Design Science Research

My understanding

  • It is a methodology
  • Used when the aim of the research project is to create or design
  • Design science is a problem solving paradigm which seeks to create artifacts that are useful in practice (March & Smith 1995; Hevner et al. 2004)
  • Artifacts in many cases represent and constitute new phenomena that have not been explained or predicted in the behavioral sciences. This calls for a need for new theory development (Hevner et al. 2004).
  • Design science should be accepted as a solution-oriented approach complementing the explanatory behavioral approach (van Aken 2004; 2005).
  • March & Smith (1995) provide a research framework in which research activities in design science are classified as “build” and “evaluate”
IT artifacts are broadly categorized into four types:
  1. constructs or concepts form the vocabulary of a domain;
  2. a model is a set of propositions or statements expressing relationships among constructs;
  3. a method is a set of steps (an algorithm or guideline) used to perform a task;
  4. an instantiation is the realization of an artifact in its environment.
Contribution

According to Hevner et al. (2004) design science research holds the potential for three types of research contributions:

  1. The Design Artifact ~ Most often, the contribution of design science research is the artifact itself, enabling the solution of theretofore unsolved problems by applying existing knowledge in new and innovative ways.
  2. Foundations ~ The creative development of novel, appropriately evaluated constructs, models, methods, or instantiations that extend and improve the existing foundations in the design science knowledge base are also important contributions. Even if the artifact turns out not to be useful in practice, it may still extend the knowledge base by, for instance, (partly) falsifying existing knowledge that has been applied in creating the artifact.
  3. Methodologies ~ The creative development and use of evaluation methods (e.g., experimental, analytical, observational, testing, and descriptive) and new evaluation metrics provide methodological contributions to the existing knowledge base.

What is DSR? Design Science Research - JP

Key reference: Design Science Research in Information Systems (2010) by Alan R. Hevner et al.

  • Generating ⇐⇒ Building knowledge (Owen, 1997)
  • Research = an activity that contributes to the understanding of a phenomenon (Kuhn, 1970)
  • This phenomenon can be natural or artificial
  • Initially known as Design Science now “officially” known as Design Science Research (in IS)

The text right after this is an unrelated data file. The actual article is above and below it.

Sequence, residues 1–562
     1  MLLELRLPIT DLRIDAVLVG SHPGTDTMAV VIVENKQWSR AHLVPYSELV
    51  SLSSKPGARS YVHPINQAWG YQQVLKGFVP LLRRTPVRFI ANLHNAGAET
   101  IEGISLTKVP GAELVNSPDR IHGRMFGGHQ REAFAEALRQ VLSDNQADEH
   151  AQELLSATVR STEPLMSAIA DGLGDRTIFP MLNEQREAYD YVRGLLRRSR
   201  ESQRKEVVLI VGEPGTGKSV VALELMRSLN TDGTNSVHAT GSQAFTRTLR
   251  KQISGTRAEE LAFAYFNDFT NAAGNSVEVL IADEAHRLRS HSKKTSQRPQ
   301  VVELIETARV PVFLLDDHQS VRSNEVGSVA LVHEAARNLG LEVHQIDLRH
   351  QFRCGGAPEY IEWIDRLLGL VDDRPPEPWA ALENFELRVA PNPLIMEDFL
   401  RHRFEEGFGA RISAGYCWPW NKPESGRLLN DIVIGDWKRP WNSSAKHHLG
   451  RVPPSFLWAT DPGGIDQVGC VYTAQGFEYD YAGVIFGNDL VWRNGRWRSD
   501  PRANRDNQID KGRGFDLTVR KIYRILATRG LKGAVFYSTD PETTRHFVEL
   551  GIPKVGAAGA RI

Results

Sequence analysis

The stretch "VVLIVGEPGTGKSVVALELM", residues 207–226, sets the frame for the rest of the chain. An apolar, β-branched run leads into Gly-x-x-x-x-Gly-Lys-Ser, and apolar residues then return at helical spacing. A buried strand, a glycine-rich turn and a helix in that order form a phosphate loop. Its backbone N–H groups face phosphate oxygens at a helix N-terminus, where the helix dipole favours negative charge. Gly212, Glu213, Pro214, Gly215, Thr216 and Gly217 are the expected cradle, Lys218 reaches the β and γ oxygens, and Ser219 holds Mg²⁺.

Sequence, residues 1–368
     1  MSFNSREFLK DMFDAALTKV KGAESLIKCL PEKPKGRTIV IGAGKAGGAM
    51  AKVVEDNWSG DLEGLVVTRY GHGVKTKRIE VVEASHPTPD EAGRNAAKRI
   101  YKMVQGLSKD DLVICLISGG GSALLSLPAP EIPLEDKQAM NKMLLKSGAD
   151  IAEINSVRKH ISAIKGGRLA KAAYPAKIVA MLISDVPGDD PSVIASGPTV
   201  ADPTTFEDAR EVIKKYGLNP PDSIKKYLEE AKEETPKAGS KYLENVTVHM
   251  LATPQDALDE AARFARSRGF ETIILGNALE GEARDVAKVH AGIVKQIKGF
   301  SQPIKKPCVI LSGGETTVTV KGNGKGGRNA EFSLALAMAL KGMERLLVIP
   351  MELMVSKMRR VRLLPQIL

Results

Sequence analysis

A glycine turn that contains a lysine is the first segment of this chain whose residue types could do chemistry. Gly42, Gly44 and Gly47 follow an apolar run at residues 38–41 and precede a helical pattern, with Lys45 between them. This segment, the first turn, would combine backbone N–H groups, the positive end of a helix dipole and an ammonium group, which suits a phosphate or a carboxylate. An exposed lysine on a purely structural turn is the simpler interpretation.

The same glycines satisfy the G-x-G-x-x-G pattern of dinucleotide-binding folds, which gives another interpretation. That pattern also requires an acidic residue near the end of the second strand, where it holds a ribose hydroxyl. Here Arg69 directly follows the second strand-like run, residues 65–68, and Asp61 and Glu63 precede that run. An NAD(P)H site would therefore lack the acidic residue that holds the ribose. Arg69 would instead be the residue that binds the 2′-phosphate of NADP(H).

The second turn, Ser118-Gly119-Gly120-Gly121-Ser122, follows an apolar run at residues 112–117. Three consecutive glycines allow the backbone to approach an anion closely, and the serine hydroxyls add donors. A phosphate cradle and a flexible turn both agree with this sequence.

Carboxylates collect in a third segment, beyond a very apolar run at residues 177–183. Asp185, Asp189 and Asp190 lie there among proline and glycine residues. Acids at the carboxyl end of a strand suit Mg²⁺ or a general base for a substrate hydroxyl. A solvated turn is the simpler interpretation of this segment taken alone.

• Lots of “design” in scientific endeavours: arts, engineering, computer science, management
  • A research paradigm where a designer answers questions relevant to human problems via the creation of innovative artefacts
  • Thereby contributing new knowledge to the body of scientific evidence
  • The designed artefacts should be both useful and fundamental to understanding the problem
Two complementary views on DSR
  • Design as a noun –> artefact
  • Design as a verb –> process
Importance of DSR (in IS):
  • Addresses the central role of IT in IS
  • Addresses the perceived lack of professional relevance of IS research
IT artefacts (or artifacts) can be:
  • Constructs (i.e. Vocabulary & symbols)
  • Models (abstractions and representations)
  • Methods (algorithms and practices)
  • Instantiations (implemented and prototype systems)
  • Better design theories
DSR addresses so-called "wicked problems":
  • Unstable/ill-defined requirements & contexts
  • Complex interactions between system components
  • Huge solution space (lots of choice in process & artefact design)
  • Dependent on high cognitive (creativity) & social (teamwork) human abilities
Design Science ... (Baskerville, 2008)
  • is not design
  • is not design theory
  • is not an IT artefact
  • is not methodology
  • is not action research
  • is not computer science
  • is not a separate academic discipline
  • is not new
Outputs of DSR:
  • Constructs (Vocabulary & symbols)
  • Models (abstractions and representations)
  • Methods (algorithms and practices)
  • Instantiations (implemented and prototype systems)
  • Better design theories
Possible Contribution to Knowledge: (Gregor & Hevner 2013 Framework)
  • Improvement ~ Invent new solution for known problem
  • Invention ~ Invent new solution for new problem
  • Exaptation ~ Extend or adapt known solution to new problem
Checklist for DSR: (Hevner 2010)
  1. What is the research question (design requirements)?
  2. What is the artifact? How is the artefact represented?
  3. What design processes (search heuristics) will be used to build the artifact?
  4. How are the artifact and the design processes grounded by the knowledge base? What, if any, theories support the artifact design and the design process?
  5. What evaluations are performed during the internal design cycles? What design improvements are identified during each design cycle?
  6. How is the artifact introduced into the application environment and how is it field tested? What metrics are used to demonstrate artifact utility and improvement over previous artifacts?
  7. What new knowledge is added to the knowledge base and in what form (e.g., peer-reviewed literature, meta-artifacts, new theory, new method)?
  8. Has the research question been satisfactorily addressed?

Key References:

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